Author Interviews, Dermatology, FDA / 06.06.2019

MedicalResearch.com Interview with: [caption id="attachment_49640" align="alignleft" width="148"]Stephanie L. Kuschel, B.A Indiana University School of Medicine Indianapolis, IN, 46202 Dr. Kuschel[/caption] Stephanie L. Kuschel, MD Indiana University School of Medicine Indianapolis, IN, 46202 Robert Dellavalle, MD, PhD, MSPH Professor of Dermatology and Public Health University of Colorado School of Medicine Colorado School of Public Health Chief, Dermatology Service US Department of Veterans Affairs Eastern Colorado Health Care System Denver, CO 80220  MedicalResearch.com: What is the background for this study? What are the main findings?  Response: Physicians can serve as external experts and voting members of FDA advisory committee panels, which help determine if a drug is acceptable for the US market. Considering that financial conflicts of interest (FCOI) have been shown to influence voting member habits, the FDA has regulations in place to minimize these FCOI. However, the FDA can grant waivers for some financially conflicted individuals if they meet certain requirements (like offering key insights that may out-weigh the risk of a possible FCOI). Additionally the FDA does not make stipulations regarding post-advisory role financial relationships. In fact, many former FDA committee advisors later engage in financial relationships with pharmaceutical companies. Some worry these post-hoc financial relationships could pose an ethical dilemma whereby future FDA advisory members are incentivized to alter their voting habits in expectation of future rewards. Others argue the situation may be more complex than expected. For example, the author of one study, found that while there was evidence for a pro-industry voting bias among committee members with exclusive financial relationships to the sponsoring manufacturer (of the drug under review), this was not the case for members with nonexclusive financial ties to both the sponsor and its competitors 1. Furthermore, the author found that advisors with many corporate ties were (on average) actually more likely than their peers without any financial ties to vote against the sponsor. The author argued that these advisors were more likely to be experienced researchers, and their voting habits may reflect their experience evaluating medical research. While this author and others have offered valuable insights into financial relationships of advisors during their advisory role, unfortunately little information is available regarding post-advisory role financial relationships and whether these relationship have any influence on the integrity of the voting process. The purpose of our study was to review Open Payment data on industry payments to former physician FDA dermatologic drug committee members.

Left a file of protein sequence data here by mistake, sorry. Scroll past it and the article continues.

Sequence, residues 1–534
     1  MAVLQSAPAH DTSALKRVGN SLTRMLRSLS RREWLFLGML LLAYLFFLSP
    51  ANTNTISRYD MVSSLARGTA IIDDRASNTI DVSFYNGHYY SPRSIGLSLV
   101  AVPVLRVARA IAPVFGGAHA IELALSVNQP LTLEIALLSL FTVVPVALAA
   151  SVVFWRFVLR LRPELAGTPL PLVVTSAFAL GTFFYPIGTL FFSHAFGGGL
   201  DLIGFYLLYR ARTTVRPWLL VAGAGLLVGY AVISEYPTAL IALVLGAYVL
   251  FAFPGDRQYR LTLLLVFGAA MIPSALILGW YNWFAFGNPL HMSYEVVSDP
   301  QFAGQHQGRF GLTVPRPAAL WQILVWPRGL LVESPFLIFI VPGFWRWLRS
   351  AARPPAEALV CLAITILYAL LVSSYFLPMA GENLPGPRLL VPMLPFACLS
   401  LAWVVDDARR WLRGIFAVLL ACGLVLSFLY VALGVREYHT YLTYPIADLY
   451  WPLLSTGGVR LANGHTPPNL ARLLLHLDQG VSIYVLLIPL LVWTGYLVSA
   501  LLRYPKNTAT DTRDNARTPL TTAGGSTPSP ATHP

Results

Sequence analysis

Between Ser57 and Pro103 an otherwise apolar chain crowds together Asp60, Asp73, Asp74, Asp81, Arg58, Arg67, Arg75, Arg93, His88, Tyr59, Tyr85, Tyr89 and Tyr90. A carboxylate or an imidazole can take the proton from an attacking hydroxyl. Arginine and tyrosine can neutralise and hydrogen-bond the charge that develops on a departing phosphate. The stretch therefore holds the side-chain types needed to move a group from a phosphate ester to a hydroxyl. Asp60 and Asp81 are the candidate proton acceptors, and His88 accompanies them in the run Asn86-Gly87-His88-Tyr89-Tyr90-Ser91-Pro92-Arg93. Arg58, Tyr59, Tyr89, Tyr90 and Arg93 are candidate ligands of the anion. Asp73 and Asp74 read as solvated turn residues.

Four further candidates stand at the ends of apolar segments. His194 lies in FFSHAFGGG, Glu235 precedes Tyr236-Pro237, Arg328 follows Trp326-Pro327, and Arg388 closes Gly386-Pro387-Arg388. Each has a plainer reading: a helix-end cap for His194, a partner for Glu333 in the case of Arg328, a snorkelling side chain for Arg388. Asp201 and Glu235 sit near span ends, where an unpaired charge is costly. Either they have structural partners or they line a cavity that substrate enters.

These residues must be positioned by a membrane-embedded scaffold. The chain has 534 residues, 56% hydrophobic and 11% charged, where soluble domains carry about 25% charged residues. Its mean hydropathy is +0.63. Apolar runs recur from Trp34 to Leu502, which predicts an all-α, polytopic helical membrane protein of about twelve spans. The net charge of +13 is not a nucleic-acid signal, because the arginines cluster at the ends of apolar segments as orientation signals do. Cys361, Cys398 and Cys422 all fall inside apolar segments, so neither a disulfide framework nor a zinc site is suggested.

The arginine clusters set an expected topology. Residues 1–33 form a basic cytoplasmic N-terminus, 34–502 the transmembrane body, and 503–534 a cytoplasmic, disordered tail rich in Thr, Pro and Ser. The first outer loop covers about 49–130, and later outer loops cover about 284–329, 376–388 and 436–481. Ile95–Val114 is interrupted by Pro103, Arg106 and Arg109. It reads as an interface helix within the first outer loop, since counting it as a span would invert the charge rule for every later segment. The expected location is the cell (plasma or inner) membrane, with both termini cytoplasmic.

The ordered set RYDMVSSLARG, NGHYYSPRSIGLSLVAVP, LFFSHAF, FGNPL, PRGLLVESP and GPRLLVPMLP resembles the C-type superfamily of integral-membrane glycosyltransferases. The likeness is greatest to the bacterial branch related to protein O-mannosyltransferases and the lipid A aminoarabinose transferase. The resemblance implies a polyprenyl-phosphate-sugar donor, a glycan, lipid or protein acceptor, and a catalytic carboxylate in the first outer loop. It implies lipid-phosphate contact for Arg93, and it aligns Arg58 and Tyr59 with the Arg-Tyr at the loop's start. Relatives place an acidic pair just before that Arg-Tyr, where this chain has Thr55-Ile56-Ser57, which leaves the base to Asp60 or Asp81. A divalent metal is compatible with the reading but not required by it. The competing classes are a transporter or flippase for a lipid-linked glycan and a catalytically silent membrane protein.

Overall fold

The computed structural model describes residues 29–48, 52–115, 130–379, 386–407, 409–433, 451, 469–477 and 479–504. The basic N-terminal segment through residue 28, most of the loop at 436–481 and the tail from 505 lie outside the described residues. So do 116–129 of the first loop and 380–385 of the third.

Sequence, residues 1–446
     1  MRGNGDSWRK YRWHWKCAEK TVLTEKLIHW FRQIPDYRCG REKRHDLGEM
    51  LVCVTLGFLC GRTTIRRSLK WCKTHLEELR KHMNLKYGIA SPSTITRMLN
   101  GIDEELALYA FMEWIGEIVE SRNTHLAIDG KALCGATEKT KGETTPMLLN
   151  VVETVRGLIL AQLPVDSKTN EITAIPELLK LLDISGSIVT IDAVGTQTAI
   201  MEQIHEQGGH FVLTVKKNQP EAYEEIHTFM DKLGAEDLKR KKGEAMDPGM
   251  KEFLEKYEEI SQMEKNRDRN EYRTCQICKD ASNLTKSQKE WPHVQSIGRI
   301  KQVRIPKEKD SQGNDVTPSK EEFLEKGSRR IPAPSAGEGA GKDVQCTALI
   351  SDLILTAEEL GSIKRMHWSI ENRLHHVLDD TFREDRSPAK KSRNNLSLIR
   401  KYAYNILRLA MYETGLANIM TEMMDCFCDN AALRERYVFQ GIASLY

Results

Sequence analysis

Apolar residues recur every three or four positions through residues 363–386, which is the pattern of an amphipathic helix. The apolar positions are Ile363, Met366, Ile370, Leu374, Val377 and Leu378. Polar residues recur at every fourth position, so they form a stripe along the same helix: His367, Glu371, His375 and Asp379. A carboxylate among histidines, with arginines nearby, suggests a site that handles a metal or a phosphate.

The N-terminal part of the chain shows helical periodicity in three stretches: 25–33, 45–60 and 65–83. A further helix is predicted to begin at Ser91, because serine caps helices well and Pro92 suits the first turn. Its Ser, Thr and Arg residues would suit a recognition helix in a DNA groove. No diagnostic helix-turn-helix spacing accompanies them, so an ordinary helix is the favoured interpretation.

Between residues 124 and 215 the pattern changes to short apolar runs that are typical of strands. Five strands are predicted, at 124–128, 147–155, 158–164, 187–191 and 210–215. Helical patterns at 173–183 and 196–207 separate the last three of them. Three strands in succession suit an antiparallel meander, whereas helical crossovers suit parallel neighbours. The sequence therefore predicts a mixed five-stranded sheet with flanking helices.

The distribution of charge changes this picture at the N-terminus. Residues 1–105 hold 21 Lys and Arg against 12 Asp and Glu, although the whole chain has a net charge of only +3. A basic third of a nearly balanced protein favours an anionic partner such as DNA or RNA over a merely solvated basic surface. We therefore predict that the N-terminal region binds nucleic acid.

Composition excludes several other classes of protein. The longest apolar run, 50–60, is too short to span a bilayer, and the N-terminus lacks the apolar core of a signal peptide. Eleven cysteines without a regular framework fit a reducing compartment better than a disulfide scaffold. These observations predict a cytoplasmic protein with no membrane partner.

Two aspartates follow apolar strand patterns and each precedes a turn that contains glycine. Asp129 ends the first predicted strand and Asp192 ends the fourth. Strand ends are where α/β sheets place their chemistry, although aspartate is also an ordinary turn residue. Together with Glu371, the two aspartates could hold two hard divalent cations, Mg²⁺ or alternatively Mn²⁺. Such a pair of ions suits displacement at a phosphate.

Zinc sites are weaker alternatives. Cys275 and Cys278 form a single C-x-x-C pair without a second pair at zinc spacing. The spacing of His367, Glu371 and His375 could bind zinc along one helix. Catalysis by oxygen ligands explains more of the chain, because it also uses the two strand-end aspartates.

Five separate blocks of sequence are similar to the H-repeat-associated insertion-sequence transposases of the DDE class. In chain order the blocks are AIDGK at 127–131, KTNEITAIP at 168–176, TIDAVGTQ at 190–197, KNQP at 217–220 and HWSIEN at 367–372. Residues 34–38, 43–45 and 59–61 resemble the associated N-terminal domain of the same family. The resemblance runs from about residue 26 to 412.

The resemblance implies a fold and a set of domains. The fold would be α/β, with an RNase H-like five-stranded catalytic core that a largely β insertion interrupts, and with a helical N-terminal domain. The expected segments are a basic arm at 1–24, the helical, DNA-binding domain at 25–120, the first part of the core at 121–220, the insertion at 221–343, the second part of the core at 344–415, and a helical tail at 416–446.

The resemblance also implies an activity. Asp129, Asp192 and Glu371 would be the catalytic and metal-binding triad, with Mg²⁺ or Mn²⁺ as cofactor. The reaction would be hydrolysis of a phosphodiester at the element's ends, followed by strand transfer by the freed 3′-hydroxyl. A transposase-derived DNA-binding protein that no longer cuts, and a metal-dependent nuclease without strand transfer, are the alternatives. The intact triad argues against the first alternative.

Author Interviews, Flu - Influenza / 12.11.2013

MedicalResearch.com with: Dr Kate Mandeville MD MPH Clinical Research Fellow, London School of Hygiene and Tropical MedicineDr Kate Mandeville MD MPH Clinical Research Fellow, London School of Hygiene and Tropical Medicine   MedicalResearch.com: What is the background for your study? Dr. Mandeville: The UK spent nearly one billion pounds on pharmaceutical drugs during the swine flu pandemic, including vaccine and antiviral drugs. After the swine flu pandemic, it was revealed that some scientists on the World Health Organization’s advisory committee had links with the pharmaceutical industry. Scientists often provide commentary for journalists on emerging health risks and we set out to see whether scientists commentating on swine flu were also more likely to have links to pharmaceutical companies. We analysed UK newspaper coverage of the swine flu pandemic between April and July 2009. This was the period in which the UK government was making decisions on how best to respond to the emerging pandemic, including providing the public with vaccine and antiviral drugs. We looked for how often scientists were quoted in articles on the pandemic from a wide range of newspapers. We then examined these comments in more detail to see if scientists made an assessment of the risk to the public from swine flu, and compared these against assessments made by official agencies like the Department of Health. We also judged whether the scientists promoted or rejected the use of vaccines or antiviral drugs. For each scientist, we then looked for links with the pharmaceutical industry – or what we formally call competing interests - from a variety of sources, including scientific papers and the internet.